Why Aircraft Carriers Are So Hard to Sink

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The American aircraft carrier USS Abraham Lincoln has been dispatched to the northern Arabian Sea because of the rise in tensions between the United States and Iran. Carriers are often moved into hot spots as deterrents, based on their ability to launch dozens of fighter jets and other aircraft quickly. They are also surrounded by other warships, such as cruisers and submarines. The question about the effectiveness of carriers and their vulnerability to attack is raised whenever they sail in hostile waters. However, carriers are nearly impossible to sink, which challenges the argument that they are a risky and expensive way for the Navy to spend its money.

The Lincoln is among the Nimitz class carriers, which are slowly being replaced by new Gerald R. Ford class carriers. It was launched in 1988. It is one of the world’s largest ships, at 1,092 feet long.

According to The National Interest, there are several reasons carriers are very hard to attack and harder to sink.

First, their speed allows them to outrun many other ships, particularly submarines. Their speed also makes them hard to track.

They have “hundreds of watertight compartments and thousands of tons of armor, no conventional torpedo or mine is likely to cause serious damage,” The National Interest reports.

The carriers also have high-tech sensors that can pick up missiles at great distances. To counter missiles they have “radar-guided missiles and 20 mm Gatling guns that shoot 50 rounds per second.”

Among the most important points The National Interest makes is that carriers are part of large groups of ships, Some of these carry Aegis combat systems, which are highly sophisticated naval defense systems. These groups also include their own submarines and a number of submarine detection methods and deterrents.

The Navy also operates carriers in such a way as to keep them far from potential threats. The National Interest points out that includes staying away from areas that might be mined.

Professor Robert Farley of the Patterson School of Diplomacy and International Commerce at the University of Kentucky, who is an expert in naval ships and defenses, recently wrote:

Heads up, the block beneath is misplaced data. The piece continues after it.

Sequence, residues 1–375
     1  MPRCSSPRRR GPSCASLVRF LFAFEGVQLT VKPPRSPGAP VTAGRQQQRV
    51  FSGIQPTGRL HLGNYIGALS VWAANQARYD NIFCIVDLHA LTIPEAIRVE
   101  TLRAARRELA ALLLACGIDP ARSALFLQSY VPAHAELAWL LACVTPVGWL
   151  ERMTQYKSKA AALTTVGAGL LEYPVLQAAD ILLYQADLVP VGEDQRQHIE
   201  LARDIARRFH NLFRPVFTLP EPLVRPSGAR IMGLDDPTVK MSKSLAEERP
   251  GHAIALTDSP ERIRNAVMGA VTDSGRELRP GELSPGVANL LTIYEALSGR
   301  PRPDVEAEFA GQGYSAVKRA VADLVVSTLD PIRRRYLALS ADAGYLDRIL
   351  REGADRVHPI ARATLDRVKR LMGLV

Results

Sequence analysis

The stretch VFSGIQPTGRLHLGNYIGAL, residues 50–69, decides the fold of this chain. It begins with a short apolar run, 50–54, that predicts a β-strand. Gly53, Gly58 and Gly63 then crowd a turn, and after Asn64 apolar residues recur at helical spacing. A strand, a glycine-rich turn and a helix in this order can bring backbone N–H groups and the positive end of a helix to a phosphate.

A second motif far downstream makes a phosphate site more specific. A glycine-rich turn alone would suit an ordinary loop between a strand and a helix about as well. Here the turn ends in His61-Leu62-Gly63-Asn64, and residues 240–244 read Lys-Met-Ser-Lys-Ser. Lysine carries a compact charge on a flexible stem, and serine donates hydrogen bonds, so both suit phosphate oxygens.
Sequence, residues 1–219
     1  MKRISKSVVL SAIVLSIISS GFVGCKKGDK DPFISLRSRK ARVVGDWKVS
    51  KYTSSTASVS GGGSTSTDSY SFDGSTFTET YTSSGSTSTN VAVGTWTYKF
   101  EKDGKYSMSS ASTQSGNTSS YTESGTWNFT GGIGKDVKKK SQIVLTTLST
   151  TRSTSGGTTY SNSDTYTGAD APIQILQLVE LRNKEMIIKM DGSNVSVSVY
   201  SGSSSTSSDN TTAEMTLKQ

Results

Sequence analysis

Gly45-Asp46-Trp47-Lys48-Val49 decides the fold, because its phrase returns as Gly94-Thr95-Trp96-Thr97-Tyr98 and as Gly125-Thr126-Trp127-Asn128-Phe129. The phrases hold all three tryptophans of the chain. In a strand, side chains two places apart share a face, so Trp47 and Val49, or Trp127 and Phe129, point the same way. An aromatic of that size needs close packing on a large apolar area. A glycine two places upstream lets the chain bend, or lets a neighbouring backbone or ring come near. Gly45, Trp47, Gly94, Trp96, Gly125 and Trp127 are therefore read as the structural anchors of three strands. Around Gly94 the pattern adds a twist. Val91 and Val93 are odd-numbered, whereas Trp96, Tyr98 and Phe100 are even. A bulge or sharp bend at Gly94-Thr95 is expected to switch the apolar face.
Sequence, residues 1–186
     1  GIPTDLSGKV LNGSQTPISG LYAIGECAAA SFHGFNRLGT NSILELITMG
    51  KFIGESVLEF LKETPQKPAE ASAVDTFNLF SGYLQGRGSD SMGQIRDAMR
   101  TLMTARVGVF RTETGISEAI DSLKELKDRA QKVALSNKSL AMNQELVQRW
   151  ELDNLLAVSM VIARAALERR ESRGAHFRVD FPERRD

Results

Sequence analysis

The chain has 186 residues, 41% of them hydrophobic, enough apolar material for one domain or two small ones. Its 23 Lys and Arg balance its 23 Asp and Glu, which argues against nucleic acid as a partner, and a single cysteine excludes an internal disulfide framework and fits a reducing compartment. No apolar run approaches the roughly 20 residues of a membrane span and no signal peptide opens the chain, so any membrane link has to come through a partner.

The United States has spent, essentially, 30 years developing and working out a reconnaissance strike complex that includes multiple redundant systems of surveillance and communication, resulting in a kill chain that transfers information in real time from advanced sensor platforms (satellites, submarine listening posts, drones, patrol aircraft) through communications nodes (satellites, aircraft) to ships, planes, and submarines that can launch and guide missiles to targets.

Finally, each time a carrier is overhauled, many of its systems are upgraded. This allows carriers built decades ago to be fitted with current technology. The Navy also has upgraded the systems on other ships that protect carriers.

The National Interest concludes:

The most important advance of recent years has been the netting together of all naval assets in an area so that sensors and weapons can be used to maximum effect. Initiatives like the Naval Integrated Fire Control – Counter Air program link together every available combat system in a seamless, fast-reacting defensive screen that few adversaries can penetrate.

The USS Abraham Lincoln is already among the most powerful ships in the world, but it will become obsolete with the launch of new Gerald R. Ford class carriers, another example of how the United States is the leader among countries that spend the most on war.

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